Sunday, 7 July 2013
Looking back at those early FTs, it occurs to me that at some point in the last 20 years my attitude to Fortean subjects underwent a distinct change. I don’t mean anything as dramatic as a flip from “believer” to “skeptic” – I’ve never been close to either category. I’ve never seriously believed that UFOs are vehicles piloted by extraterrestrials, or that ghosts embody the surviving consciousness of dead human beings. But I’ve never been a skeptic either, in the sense of dismissing anomalous phenomena from consideration simply because they are anomalous. During the 1990s I became fascinated by a whole range of anomalous phenomena, and I was convinced that with sufficient study they could be fitted into the mainstream paradigm... at which point they would cease to be anomalous.
Some time around 2003 I changed my mind. The rosy-spectacled idea that the anomalous phenomena of today are the mainstream phenomena of tomorrow no longer seemed credible. The reality is that anomalous phenomena are self-perpetuatingly anomalous. This wasn’t because of anything that happened in or around 2003 – it was because I’d been following the subject with close interest for ten years. I wasn’t really aware of the change at the time, but looking back through my old FTs and remembering the way I responded to the various stories at the time, it’s clear that’s what happened.
Thinking about it analytically, there are two sides to the problem: (a) lack of progress in areas where you would reasonably expect to see progress, and (b) ongoing progress (or at any rate change) in areas where you would logically expect to see no change at all. I’ll explain what I mean.
When I first became an avid reader of all things Fortean in the 1990s, I was under the impression (as I suspect many newcomers to the subject are, whatever the time period) that the world was on the brink of a massive paradigm shift that would lead to the mainstream acceptance of many things previously considered paranormal. There were theories of “mind-matter unification” and “macroscopic quantum systems” that promised to explain a whole range of psychic and holistic phenomena. There were tantalizing hints that antigravity systems had been demonstrated in the laboratory. The ideas of Hancock and Bauval were going to revolutionize our understanding of ancient civilizations. And a lot more in the same vein.
The reality, of course, is that none of it ever comes to anything. The world of anomalous phenomena isn’t interested in solving mysteries... it’s interested in perpetuating them. I made the mistake (coming from a scientific background) of assuming the subject had something in common with science. But it doesn’t. Science starts with the evidence and looks for explanations of it. The vast majority of ufologists, ghost hunters and cryptozoologists do just the opposite – they start with an explanation and look for evidence to support it. That’s why the state of progress—as far as any real insight is concerned—is exactly the same as it was 20 years ago.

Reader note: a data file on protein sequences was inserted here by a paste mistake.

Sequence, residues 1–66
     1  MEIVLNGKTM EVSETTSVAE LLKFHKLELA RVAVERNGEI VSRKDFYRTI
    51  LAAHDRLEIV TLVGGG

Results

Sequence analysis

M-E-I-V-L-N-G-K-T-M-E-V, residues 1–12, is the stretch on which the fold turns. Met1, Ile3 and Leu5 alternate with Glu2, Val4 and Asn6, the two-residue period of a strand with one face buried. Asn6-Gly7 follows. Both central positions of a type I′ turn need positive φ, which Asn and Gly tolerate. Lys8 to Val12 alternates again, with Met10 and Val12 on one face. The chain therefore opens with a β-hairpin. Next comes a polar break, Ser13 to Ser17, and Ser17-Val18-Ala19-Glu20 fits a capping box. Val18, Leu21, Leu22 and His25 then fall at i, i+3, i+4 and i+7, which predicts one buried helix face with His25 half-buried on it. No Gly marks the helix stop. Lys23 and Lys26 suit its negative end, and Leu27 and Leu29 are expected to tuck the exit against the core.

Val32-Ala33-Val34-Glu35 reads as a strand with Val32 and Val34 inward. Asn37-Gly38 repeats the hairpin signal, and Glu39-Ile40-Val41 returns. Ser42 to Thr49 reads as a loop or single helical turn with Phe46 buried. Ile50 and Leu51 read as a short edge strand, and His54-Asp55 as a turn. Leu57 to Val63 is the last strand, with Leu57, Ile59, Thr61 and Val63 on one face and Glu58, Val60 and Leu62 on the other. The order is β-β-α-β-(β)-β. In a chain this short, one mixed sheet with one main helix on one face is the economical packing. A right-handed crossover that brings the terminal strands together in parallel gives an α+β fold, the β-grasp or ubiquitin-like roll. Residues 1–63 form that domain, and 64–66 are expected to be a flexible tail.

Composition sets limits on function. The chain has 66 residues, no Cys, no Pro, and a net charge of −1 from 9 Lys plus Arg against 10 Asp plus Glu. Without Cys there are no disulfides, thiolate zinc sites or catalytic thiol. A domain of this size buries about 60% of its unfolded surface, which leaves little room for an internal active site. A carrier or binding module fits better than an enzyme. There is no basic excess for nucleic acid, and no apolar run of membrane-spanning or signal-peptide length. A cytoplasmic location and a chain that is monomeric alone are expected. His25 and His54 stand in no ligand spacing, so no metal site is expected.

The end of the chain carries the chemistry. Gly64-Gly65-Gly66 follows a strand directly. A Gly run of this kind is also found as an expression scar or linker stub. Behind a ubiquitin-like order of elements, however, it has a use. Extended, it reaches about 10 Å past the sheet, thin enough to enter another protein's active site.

The only people who aren’t going to be disillusioned by the situation are the Conspiracy Theorists. From their point of view, it’s a no-brainer the Government will stamp on anyone as soon as they come close to revealing the Truth (personally I’ve never really understood this viewpoint – particularly as the Conspiracy Theorists themselves spend their lives expounding the very Truth the Government is supposed to be suppressing).
As I mentioned earlier, there’s a flip side to all this. While there’s been no perceptible progress in understanding anomalous phenomena in the last 20 years, there’s been an ongoing evolution in the phenomena themselves. In some areas, such as the continuing sagas of Roswell and Bigfoot, it’s almost like watching a soap opera. If Roswell was a real flying saucer crash, and if Bigfoot was a real species, you simply wouldn’t expect the underlying data to evolve over the decades in the way they have.
Back in the 1990s, another magazine I read occasionally was Magonia, which promoted the so-called “psycho-social” hypothesis. This is an unfortunate term, because it suggests everything is glibly dismissed as the product of a deranged mind or mass hysteria. But the Magonia people meant something more constructive than that. If I remember correctly, the basic idea was that the whole area of anomalous phenomena—the way they’re described, the context they’re put in, the way they’re investigated and the theories proposed to explain them—are all the product of a (largely unconscious) collective exercise in imagination. The analogy is with a role-playing game, in which the players are so immersed in the game they don’t realize it’s a game.
One of the big things in the early 90s was the “alien abduction” scenario, where the bulk of the evidence took the form of memories retrieved through hypnosis. That’s a perfect medium for the unconscious imagination to work in, particularly if prompted (again unconsciously) by the expectations of the researcher. I don’t think Magonia was accusing anyone of deliberate deception. Instead, the idea was that an apparently mysterious phenomenon could be created and developed spontaneously (possibly around the germ of a real but mundane event) based on current social and cultural expectations. Today, with the rise of the internet and social media, the possibilities for “unconscious collective creativity” are greater than ever before. And you never know what’s going to happen next.
I’m as fascinated by the world of anomalous phenomena today as I was 20 years ago. The only difference is that in those days I thought of it as a sub-branch of science. Now I think of it as a sub-branch of the entertainment industry.